Pick #6: If you want to hear straight from the woman who has spent nearly forty years as the legendary personal shopper at Bergdorf Goodman, Betty Halbreich's I'll Drink to That: A Life in Style, with a Twist is the book for you. Amazon's Editorial Director, Sara Nelson, certainly was interested. As she wrote in her review of the book, "I want this woman who practically invented personal shopping 40-plus years ago to come to my house, analyze my closet – and retool my wardrobe, and, thus, my life." But Nelson points out that there's much more to the story. Halbreich had to recover from a tough marriage, a nervous breakdown, and the forces of the times that were opposed to working women—all before she could reinvent herself. In Nelson's words, "let Halbreich take you back to a time when women wore brooches, men donned hats, and everybody had a guiltless cocktail before dinner."
Pick #7: What would it be like to lose everything you have and have ever known? Emily St. John Mandel's post-apocalyptic novel Station Eleven asks that question, then it asks another: What would you then try to get back? As Amazon Senior Editor, Neal Thompson, writes, "What’s touching about the world of Station Eleven is its ode to what survived, in particular the music and plays performed for wasteland communities by a roving Shakespeare troupe, the Traveling Symphony, whose members form a wounded family of sorts. The story shifts deftly between the fraught post-apocalyptic world and, twenty years earlier, just before the apocalypse, the death of a famous actor, which has a rippling effect across the decades. It’s heartbreaking to watch the troupe strive for more than mere survival. At once terrible and tender, dark and hopeful, Station Eleven is a tragically beautiful novel that both mourns and mocks the things we cherish."
Pick #8: Jeff Hobbs' nonfiction book The Short and Tragic Life of Robert Peace: A Brilliant Young Man Who Left Newark for the Ivy League doesn't try to hide behind its title. You know from the start how it's going to end. But getting there is where the real story lies. The author, a novelist by trade, was the Yale roommate of Rob Peace, a brilliant kid from Newark who overcame incredible odds to get out of his rough neighborhood and begin to make a life for himself. As you read the book, you grow to love Rob. You will root for him even as you find yourself angry at some of the decisions he makes; and you're there beside Hobbs as he uncovers more and more about his former roommate's life. This is a riveting and heartbreaking read, as Rob Peace seems always to have been on the outside—the resented geek in the hood, and the inner city black man in the Ivy League. For more on how the book about Robert Peace got written, see here.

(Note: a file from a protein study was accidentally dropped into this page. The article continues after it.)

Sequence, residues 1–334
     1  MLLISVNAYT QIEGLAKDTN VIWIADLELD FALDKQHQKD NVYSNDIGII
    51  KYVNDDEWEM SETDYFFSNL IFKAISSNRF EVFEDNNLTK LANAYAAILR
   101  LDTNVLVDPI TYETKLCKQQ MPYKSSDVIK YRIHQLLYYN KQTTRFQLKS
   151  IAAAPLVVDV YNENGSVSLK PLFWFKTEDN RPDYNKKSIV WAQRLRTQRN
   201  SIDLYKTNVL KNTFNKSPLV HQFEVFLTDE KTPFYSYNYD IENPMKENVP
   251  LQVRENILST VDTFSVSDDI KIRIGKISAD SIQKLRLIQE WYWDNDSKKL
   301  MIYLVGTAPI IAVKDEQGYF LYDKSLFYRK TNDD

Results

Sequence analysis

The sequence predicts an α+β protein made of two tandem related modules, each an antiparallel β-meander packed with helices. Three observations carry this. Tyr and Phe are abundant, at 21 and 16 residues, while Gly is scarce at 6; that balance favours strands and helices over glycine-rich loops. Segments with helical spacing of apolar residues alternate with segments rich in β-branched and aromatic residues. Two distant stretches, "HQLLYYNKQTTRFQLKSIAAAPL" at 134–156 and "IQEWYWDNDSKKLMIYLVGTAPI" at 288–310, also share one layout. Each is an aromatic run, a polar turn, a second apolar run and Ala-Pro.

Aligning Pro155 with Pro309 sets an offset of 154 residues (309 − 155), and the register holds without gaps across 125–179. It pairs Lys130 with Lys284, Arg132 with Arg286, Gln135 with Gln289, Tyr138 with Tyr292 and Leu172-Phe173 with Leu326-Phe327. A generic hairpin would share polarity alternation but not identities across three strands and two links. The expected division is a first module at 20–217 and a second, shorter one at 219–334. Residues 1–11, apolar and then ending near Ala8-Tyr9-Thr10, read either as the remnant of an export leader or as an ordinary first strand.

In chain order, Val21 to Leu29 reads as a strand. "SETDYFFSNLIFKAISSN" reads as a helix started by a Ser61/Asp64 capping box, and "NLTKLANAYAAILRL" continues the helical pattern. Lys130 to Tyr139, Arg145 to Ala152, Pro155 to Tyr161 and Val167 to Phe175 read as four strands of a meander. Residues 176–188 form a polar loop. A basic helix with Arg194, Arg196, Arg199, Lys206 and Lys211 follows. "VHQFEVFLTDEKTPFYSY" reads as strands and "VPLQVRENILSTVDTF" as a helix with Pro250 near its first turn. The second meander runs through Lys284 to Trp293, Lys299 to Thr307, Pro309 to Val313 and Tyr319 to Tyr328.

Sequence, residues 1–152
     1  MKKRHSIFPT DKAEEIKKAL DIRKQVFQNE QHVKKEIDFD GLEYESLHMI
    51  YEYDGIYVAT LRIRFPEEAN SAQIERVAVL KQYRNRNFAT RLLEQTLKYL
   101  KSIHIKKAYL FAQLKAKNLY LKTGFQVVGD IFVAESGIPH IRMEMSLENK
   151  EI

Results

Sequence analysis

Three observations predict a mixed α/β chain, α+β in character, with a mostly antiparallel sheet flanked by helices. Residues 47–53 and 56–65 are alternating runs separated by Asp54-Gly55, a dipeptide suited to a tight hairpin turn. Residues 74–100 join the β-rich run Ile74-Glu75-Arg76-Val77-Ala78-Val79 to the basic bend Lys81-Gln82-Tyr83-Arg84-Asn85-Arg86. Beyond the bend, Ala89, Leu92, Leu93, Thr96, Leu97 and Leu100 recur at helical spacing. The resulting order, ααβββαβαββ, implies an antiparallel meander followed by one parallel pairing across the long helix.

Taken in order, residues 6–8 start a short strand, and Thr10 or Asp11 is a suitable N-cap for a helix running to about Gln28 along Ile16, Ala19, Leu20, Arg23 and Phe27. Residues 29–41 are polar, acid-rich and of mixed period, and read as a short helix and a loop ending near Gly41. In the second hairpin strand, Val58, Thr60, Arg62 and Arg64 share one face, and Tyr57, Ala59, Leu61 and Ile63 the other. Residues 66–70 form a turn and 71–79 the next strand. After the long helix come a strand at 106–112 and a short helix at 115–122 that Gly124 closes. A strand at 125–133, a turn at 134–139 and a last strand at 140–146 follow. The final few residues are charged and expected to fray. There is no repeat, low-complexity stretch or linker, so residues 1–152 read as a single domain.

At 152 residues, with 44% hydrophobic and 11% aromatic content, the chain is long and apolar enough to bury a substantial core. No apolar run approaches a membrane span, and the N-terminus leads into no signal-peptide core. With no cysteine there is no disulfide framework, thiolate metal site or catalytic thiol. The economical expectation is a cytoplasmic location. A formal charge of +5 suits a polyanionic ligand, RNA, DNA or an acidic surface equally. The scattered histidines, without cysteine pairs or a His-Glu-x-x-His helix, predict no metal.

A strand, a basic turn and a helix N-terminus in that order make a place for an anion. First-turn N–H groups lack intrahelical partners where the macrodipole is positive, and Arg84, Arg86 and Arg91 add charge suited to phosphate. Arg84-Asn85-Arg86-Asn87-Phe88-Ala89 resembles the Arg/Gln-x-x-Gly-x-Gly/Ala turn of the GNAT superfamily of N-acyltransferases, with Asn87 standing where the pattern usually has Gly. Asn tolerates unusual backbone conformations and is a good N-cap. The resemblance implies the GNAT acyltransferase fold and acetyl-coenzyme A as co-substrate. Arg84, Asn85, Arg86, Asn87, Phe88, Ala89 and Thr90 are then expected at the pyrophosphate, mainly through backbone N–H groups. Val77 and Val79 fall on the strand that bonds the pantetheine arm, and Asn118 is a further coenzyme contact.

Pick #9: She's baaack. Margaret Atwood returns with Stone Mattress: Nine Tales, of which Amazon's Erin Kodicek says, "these tales are fun, which is odd considering the sinister current that runs through many of them." Kodicek points to the stories "Revenant" ("one of three cleverly interconnected tales"), as well as “The Dead Hand Loves You” ("Atwood playfully skewers the horror genre then gleefully indulges in it"), and “Torching the Dusties” ("ominously tongue-in-cheek") as standouts. "Fans of Margaret Atwood will certainly delight in this collection," says Kodicek. "But beware, the Stone Mattress will make groupies of old and new readers alike."
Pick #10: Sarah Waters is back, too. the author of Fingersmith and The Little Stranger has written a novel set just after World War I entitled The Paying Guests. The novel settles in with the widowed Mrs. Wray and her 26-year-old daughter, Frances, who pass each day in their home outside London very much like the day before. But Amazon's Kodicek writes, "Take a deep breath as you’re reading, because as soon as you are you lulled into the calm cadence of these lives, the Wray’s tenants—the 'paying guests' they have taken in to help with the bills—turn everything topsy-turvy, and by the novel’s conclusion, you have gone from straight-up period piece, to love story, to edge-of-your-seat crime thriller."
Debut Spotlight: Every month, the editors pick a debut writer whose book we loved and who we plan to keep an eye on through the coming years. In September that was Michael Pitre, a marine who served two tours in Iraq and the author of the novel Fives and Twenty-Fives. The title refers to the ground rules a road team follows when bomb searching. As Senior Editor Neal Thompson writes, "When they stop to repair a pothole, they first scan the immediate five meters; a bomb detonated in that circle would obliterate them all. Next they sweep the twenty-five meters in every direction. In putting us right in the heat and the dust, inside the helmets and Kevlar vests that chafe the skin, Michael Pitre shows us that the battlefields of modern warfare are far more complex and bizarre than the American public might imagine." The story is told from three unique perspectives: a platoon leader, his medic, and their American culture-loving Iraqi translator. Thompson writes, "Pitre is a nervy, funny writer, with an ear for dialogue and banter. And he’s not shy about commenting on America’s role in the world, and on the haunted postwar lives of its soldiers." Learn more about Michael Pitre here.
See you again next month. Until then, you can find all of the Amazon Editors' September's Best Books of the Month here.